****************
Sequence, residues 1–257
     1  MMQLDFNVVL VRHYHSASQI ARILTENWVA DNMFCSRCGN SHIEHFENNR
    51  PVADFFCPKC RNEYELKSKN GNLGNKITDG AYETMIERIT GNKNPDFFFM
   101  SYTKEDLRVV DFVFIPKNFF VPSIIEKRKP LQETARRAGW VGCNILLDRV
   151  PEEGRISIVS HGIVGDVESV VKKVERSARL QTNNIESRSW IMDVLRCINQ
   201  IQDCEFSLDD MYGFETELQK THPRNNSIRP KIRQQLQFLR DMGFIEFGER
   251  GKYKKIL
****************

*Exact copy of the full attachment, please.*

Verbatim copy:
Sequence, residues 1–257
     1  MMQLDFNVVL VRHYHSASQI ARILTENWVA DNMFCSRCGN SHIEHFENNR
    51  PVADFFCPKC RNEYELKSKN GNLGNKITDG AYETMIERIT GNKNPDFFFM
   101  SYTKEDLRVV DFVFIPKNFF VPSIIEKRKP LQETARRAGW VGCNILLDRV
   151  PEEGRISIVS HGIVGDVESV VKKVERSARL QTNNIESRSW IMDVLRCINQ
   201  IQDCEFSLDD MYGFETELQK THPRNNSIRP KIRQQLQFLR DMGFIEFGER
   251  GKYKKIL